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How to Better Understand Your HCV Viral Load Tests

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Although they have very similar sounding names, learn why qualitative Hepatitis C tests and quantitative Hepatitis C tests have some important differences.

To everyone except physicians who treat hepatitis and fastidious researchers, the range of tests that someone with the Hepatitis C virus (HCV) endures can be dizzying. Unless you are lucky enough to have a hepatologist sit down and explain the differences and implications of each blood draw, it is easy to be misled by the barrage of lab test results. Especially important for individuals who are currently enrolled in or who have finished HCV antiviral therapy, understanding viral load tests can bring clarification to an otherwise confusing lab result.

Hepatitis C RNA tests are tools clinicians use to confirm a diagnosis and guide treatment. The challenge in discerning between the kinds of HCV tests likely lies in the similar sounding words to describe the tests: qualitative and quantitative. Even the most seasoned healthcare practitioners frequently flub these categories. Below you will find a brief description of the two HCV RNA (the genetic material for Hepatitis C) tests and a helpful mnemonic technique to differentiate between the two:

  • Qualitative Test – This kind of test detects the presence or absence of HCV RNA. It is reported as either detected (positive) or not detected (negative). The qualitative test is useful to confirm an active HCV infection. The L in qualitative can be equated to a label – as in it is used to label someone as having or not having the virus.
  • Quantitative Test – The quantitative test measures the actual number of copies of HCV RNA in the blood. Commonly referred to as the viral load, a quantitative test is typically used to monitor how a person is responding to HCV treatment. The N in quantitative can be equated to a number – as in it is used to report the number of HCV viral particles present.

More About Qualitative Testing

To report whether or not HCV is present in the blood, the qualitative HCV RNA tests use either a process called polymerase chain reaction (PCR) or a process called transcription-mediated amplification (TMA). If such a test is positive, or detected, then chronic Hepatitis C infection is confirmed. Although it does not compute a number, the qualitative test is more accurate than the quantitative test because it can detect very low levels of the virus.

More About Quantitative Testing

Quantitative tests that measure the actual level of Hepatitis C virus in the blood may use the processes of PCR, TMA or signal amplification (branched DNA). These viral load tests compute the number of HCV RNA particles present, and are expressed in either international units per liter (IU/L) or copies per milliliter (mL). The quantitative HCV RNA test is used to monitor individuals who undergo antiviral treatment – prior to beginning therapy, during therapy and upon its completion.

Additional Viral Load Test Facts

The following seven facts about Hepatitis C viral load tests help deepen our understanding of the testing process.

  1. If someone has a positive qualitative test but a quantitative test showing no detectable virus, then that person has a very low level of the virus in his or her blood.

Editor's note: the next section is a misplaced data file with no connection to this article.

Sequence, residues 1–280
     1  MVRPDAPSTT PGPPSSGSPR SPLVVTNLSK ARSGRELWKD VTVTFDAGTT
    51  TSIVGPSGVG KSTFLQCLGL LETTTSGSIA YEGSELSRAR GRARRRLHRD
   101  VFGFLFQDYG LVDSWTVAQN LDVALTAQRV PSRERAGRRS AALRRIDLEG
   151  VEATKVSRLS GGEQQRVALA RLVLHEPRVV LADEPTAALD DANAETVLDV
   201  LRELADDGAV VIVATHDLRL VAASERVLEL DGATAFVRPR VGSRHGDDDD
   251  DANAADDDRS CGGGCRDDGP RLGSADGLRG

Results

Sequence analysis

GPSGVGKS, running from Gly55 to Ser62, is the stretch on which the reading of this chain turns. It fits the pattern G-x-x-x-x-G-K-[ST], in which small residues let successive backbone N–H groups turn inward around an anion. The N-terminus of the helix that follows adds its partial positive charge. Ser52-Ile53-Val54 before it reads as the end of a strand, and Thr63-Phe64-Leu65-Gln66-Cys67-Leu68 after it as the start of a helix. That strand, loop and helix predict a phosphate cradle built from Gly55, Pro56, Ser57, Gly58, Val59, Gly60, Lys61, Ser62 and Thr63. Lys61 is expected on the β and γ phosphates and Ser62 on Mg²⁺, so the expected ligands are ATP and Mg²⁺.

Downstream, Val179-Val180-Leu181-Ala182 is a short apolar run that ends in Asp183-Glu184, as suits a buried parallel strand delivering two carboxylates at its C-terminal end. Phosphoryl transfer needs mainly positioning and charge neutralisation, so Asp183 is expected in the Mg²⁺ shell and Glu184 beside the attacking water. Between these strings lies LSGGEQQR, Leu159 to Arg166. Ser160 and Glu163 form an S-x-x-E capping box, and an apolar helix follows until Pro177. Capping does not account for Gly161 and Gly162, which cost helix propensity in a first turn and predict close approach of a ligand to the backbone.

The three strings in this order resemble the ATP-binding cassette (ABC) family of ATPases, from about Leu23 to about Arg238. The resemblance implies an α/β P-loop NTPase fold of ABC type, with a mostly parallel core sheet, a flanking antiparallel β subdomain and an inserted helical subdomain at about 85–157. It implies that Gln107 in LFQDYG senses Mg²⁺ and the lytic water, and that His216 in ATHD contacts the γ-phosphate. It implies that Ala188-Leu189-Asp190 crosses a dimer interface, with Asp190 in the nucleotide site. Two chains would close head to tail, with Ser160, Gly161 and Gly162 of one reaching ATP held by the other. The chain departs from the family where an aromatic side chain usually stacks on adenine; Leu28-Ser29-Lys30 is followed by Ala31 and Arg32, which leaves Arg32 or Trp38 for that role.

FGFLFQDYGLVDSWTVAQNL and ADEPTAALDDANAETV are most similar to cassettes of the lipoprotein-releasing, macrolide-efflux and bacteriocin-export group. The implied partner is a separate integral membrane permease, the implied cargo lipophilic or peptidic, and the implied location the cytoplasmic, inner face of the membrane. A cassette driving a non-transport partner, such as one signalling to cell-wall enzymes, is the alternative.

2. If someone has a negative qualitative test following antiviral treatment, they are clear of the Hepatitis C virus.
  3. In order to obtain a sustained viral response (considered a successful conclusion to HCV treatment), a qualitative test should be negative following the completion of treatment and then again six months later. Most physicians will use a qualitative test (as opposed to a quantitative test) to confirm a sustained viral response.
  4. Viral load as measured by a quantitative test does not correlate with the severity of Hepatitis C.
  5. The viral load measurement does not correlate with the severity of liver disease. Only a liver biopsy (or equivalent method) can determine the health of the liver.
  6. Because HCV viral load will normally fluctuate, repeated viral load tests are only indicated for those on or considering antiviral treatment.
  7. If a quantitative HCV RNA result is reported as <615 IU/L, then the test is unable to measure any of the virus. Thus, such a result should be followed by a qualitative test.

Upon reviewing the differences between quantitative and qualitative Hepatitis C tests, there will be a little less mystery in deciphering lab results. Although HCV RNA quantitative tests are mostly used to gauge how someone progresses with antiviral therapy, the qualitative test is the only way to know for sure if the Hepatitis C virus is still taking up residence in your body.

References:

http://digestive.niddk.nih.gov/ddiseases/pubs/chronichepc/#c, Chronic Hepatitis C: Current Disease Management, Retrieved July 14, 2010, National Digestive Diseases Information Clearinghouse, 2010.

http://hepatitis.about.com/od/diagnosis/f/HCVRNATest.htm, What are HCV RNA Tests?, Charles Daniel, Retrieved July 15, 2010, about.com, 2010.

http://www.hcvadvocate.org/hcsp/articles/Bernstein-1.html, The Importance of Laboratory Test Results in Hepatitis C Infection, David Bernstein, MD, FACP, FACG, Retrieved July 15, 2010, Hepatitis C Support Project, 2010.

http://www.hepatitis.va.gov/vahep?page=diag-tests-03-02, Hepatitis C RNA Qualitative Testing, Retrieved July 15, 2010, US Department of Veteran Affairs, 2010.

http://www.questdiagnostics.com/hcp/intguide/jsp/showintguidepage.jsp?fn=TG_HCV_MolecularTesting.htm, Molecular Testing in the Management of Hepatitis C Virus Infection, Retrieved July 15, 2010, Quest Diagnostics, 2010.

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